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Eu project pioneering biocompatible materials for implanted medical devices

By Irish Pharmacist - 01st Oct 2023

Miniature medical devices have the potential to screen, monitor, diagnose and treat a range of body functions, conditions and diseases. But implanting these devices into the body requires safe, non-toxic materials. The biocompatible materials developed by the EU-funded BioWings project could open the door to a new era of medical innovation for EU citizens and the world, it has been revealed.

Meeting the health demands of a growing – and ageing – population requires smart, effective and affordable solutions. One such solution is the use of small, implanted devices that can respond to a range of health conditions automatically and remotely.

The good news is that these devices are already here, such as the continuous glucose monitors worn by those with diabetes. Scientists are making significant progress on further biomedical devices that, once implanted into the body, can continuously measure a patient’s heartbeat or release medication directly into the bloodstream.

The bad news is that the potential of these innovative devices is severely limited by a lack of safe, biocompatible materials. “While there are a number of miniature medical devices in development, they often contain lead-based compounds that are not compatible with an are thus harmful to humans,” said Nini Pryds, a professor at the Technical University of Denmark.

With the support of the EU-funded BioWings project, Pryds is leading an effort to develop smart, safe, biocompatible materials for use in the next generation of microelectromechanical systems (MEMS), those incorporating both electronic and moving parts.

“The future of medicine is in the miniature, and our materials aim to enable such a future by opening the door to the development of non-toxic miniature devices that can be safely implanted into the human body,” added Pryds.

The goal of the project was to develop biocompatible materials with similar properties to piezoelectric materials, the current ‘gold standard’ for MEMS, but without the lead and other harmful elements.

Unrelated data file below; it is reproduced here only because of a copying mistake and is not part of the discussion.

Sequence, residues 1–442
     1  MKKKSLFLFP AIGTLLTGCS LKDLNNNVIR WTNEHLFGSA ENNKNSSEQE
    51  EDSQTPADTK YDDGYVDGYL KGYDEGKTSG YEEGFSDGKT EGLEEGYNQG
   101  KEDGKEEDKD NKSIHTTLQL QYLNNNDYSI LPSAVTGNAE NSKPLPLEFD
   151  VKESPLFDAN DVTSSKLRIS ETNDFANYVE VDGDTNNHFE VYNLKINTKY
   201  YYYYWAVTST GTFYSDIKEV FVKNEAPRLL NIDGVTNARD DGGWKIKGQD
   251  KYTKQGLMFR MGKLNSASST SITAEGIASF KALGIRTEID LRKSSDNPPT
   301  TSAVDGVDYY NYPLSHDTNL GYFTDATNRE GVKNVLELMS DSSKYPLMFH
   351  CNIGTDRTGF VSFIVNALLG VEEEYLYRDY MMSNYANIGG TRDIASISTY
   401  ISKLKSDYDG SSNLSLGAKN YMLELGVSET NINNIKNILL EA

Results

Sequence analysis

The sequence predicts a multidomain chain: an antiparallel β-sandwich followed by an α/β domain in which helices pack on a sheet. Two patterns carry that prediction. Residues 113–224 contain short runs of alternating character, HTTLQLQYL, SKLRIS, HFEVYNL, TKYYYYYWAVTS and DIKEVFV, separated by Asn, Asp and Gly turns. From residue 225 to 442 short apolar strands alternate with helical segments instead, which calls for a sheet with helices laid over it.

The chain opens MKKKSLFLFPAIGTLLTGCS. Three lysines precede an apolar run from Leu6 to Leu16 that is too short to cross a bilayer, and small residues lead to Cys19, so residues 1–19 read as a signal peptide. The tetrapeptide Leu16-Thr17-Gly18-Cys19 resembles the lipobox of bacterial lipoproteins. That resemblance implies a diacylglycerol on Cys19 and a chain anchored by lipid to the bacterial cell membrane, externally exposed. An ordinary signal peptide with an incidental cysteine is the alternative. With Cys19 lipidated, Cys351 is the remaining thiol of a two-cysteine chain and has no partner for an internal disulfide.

To do this, researchers focused their attention on cerium-based oxide materials, which are both non-toxic and environmentally friendly, and can function in low-energy devices – all key advantages for their potential use in implantable medical devices.

“Integrating cerium oxide into a biomedical electromechanical system would simply revolutionise medicine as we know it, creating a paradigm shift in terms of new materials application and opening the door to a new era of medical innovation,” explained Pryds.

The BioWings project is focused on the first steps: understanding the properties and behaviour of cerium-based oxide materials and how these properties can be best tackled so the material can be used in a range of MEMS applications.

“We made several breakthroughs that will have an immediate impact on the industrial development of cerium-based oxide materials for use in biomedical devices,” noted Pryds.

These breakthroughs include a film technology comparable to the very best lead-based thin films, and a new thin film device capable of determining a patient’s red blood cell count. Furthermore, researchers demonstrated the superior performance of several different cerium- based oxide materials.

The project produced two patents, and its results have been presented at a number of international conferences and in various publications. It led to the launch of two spin- off projects, Prisma and AcouSome, both
of which will further advance the material solutions set to define the next generation of non-toxic miniature devices.

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